Leaving home, young Buddy Baker arrives unannounced at the luxurious Manhattan apartment of his older brother, Alan, a swinging girl chasing bachelor who prefers his carefree life to ...
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Gordon Miller is rehearsing a musical comedy in the penthouse suite of Gribble's hotel...on credit. The mounting bill is driving Gribble frantic. Chaos increases when playwright Glen ... See full summary »
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Sammy Davis Jr.
Montmartre, 1896: the Can-Can, the dance in which the women lift their skirts, is forbidden. Nevertheless Simone has it performed every day in her night club. Her employees use their female... See full summary »
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Frank Sinatra plays Joe E. Lewis, a famous comedian of the 1930s-50s. When the movie opens, Lewis is a young, talented singer who performs in speakeasies. When he bolts one job for another,... See full summary »
Leaving home, young Buddy Baker arrives unannounced at the luxurious Manhattan apartment of his older brother, Alan, a swinging girl chasing bachelor who prefers his carefree life to working in the family business. Pleased at his brother's show of independence, Alan introduces him to New York night life. Their father is unhappy at Alan's mentoring and the loss of an important account. Buddy is so successful that he soon takes over his brother's liquor cabinet and his girl friends. After giving up a woman who lives in the same building, Alan gets beaten by the husband of another conquest. Scared off, Alan alienates his favorite girl friend, Connie, staying away from all commitment. Hit by the futility of his life, Alan urges Buddy to end his swinging life style, but Buddy is having too good a time. After their argument jolts Alan proposes to Connie. Following their marriage, Alan helps their parents reconcile, works seriously in the family business and turns his bachelor pad over to ... Written by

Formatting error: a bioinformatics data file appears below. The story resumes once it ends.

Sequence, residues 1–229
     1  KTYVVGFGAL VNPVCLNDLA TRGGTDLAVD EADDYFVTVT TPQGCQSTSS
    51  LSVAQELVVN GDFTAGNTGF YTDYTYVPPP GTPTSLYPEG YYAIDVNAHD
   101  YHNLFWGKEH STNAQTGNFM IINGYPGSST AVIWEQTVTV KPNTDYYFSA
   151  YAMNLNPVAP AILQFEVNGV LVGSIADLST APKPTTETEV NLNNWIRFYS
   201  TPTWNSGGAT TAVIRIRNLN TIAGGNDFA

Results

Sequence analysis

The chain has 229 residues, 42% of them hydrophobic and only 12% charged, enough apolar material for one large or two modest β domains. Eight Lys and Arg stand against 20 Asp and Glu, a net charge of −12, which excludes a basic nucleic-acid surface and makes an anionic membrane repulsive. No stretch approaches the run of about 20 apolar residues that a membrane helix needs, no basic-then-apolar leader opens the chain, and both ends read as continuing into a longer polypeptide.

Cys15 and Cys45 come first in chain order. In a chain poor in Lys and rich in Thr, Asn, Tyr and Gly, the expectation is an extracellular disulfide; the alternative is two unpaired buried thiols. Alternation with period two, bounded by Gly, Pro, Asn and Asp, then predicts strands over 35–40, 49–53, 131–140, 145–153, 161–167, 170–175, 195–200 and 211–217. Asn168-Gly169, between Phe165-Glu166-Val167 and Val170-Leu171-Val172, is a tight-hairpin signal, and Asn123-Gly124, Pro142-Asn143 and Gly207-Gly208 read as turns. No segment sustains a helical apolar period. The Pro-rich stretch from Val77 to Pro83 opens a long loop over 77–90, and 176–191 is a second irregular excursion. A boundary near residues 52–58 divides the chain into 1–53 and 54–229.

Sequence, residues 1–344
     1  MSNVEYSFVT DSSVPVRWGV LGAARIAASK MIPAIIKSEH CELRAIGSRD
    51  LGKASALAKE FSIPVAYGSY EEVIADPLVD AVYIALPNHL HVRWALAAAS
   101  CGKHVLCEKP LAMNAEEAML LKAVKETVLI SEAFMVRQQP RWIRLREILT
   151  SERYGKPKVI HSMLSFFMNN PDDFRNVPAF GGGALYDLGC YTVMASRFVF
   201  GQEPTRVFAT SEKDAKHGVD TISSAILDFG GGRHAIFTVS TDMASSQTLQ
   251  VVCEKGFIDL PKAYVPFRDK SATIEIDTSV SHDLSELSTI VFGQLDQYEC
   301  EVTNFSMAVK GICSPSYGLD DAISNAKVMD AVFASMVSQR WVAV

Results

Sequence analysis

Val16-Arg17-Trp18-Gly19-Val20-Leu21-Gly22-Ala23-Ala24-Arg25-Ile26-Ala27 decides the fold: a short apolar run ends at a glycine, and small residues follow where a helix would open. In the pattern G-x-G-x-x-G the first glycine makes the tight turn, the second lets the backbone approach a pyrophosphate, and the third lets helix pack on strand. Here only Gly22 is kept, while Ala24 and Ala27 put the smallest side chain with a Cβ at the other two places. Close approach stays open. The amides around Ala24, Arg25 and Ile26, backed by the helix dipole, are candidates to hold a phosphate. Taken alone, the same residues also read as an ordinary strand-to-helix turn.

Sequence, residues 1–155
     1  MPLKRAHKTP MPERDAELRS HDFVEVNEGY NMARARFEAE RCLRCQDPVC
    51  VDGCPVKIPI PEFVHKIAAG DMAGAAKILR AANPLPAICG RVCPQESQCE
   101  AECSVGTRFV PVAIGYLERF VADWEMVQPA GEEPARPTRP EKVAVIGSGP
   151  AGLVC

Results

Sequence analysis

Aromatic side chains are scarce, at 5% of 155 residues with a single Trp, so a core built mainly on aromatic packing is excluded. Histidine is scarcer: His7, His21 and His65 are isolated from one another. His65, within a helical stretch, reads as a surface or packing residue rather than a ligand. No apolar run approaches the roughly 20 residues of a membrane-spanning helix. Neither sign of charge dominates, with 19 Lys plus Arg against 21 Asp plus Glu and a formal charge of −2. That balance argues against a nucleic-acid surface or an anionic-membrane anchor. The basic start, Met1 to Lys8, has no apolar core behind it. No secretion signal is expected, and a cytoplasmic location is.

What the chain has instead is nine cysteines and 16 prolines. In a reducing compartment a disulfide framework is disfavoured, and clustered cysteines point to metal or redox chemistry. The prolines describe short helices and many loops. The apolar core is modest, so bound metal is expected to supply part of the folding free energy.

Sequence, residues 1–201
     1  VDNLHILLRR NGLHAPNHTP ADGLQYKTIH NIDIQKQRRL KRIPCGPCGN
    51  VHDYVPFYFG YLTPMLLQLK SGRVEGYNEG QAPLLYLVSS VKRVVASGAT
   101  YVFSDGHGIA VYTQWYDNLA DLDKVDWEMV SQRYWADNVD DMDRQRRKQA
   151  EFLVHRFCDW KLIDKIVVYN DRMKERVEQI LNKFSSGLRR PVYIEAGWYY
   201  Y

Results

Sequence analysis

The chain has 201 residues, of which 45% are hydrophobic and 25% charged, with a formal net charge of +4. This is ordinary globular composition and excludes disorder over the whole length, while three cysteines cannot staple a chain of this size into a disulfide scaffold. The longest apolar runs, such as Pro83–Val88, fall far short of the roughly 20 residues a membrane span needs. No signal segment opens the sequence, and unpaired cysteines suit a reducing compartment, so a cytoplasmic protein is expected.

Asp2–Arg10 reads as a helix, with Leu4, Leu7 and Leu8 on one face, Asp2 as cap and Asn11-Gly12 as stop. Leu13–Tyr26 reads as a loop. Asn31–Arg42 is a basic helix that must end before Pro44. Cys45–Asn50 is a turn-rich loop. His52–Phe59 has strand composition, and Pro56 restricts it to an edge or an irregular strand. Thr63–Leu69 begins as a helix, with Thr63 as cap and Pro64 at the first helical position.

This film is the first one based on a Neil Simon play and the screenplay is by Norman Lear. According the IMDb, Frank Sinatra's character is actually based on Simon's older brother--a playboy who apparently was quite the lady's man. While Sinatra is good in the film, he was badly miscast as he is easily old enough to be his brother's father! In fact, he and the father (Lee J. Cobb) are about the same age--and so I had a seriously hard time believing Sinatra was Tony Bill's brother.
The film begins with a young man showing up at his brother's bachelor pad. Apparently he's moving in and it's quite the surprise. However, he IS welcomed by his brother--but not the over-protective parents who want this young man to return home. The younger brother (Tony Bill) seems quite naive and he's in for a shock when he sees that his brother is quite the player--and is currently stringing three ladies along at the same time! But, when he can't possibly make all his commitments to the ladies at the same time, the naive brother is convinced to help! What's to happen to the sweet younger brother and will his older brother ever grow up and become responsible and settle down? The acting was fine in the film and the writing very good. In fact, apart from Sinatra's age, I have no serious complaints about the film. It is a bit of a trifle of a film but enjoyable throughout--and is well worth your time.
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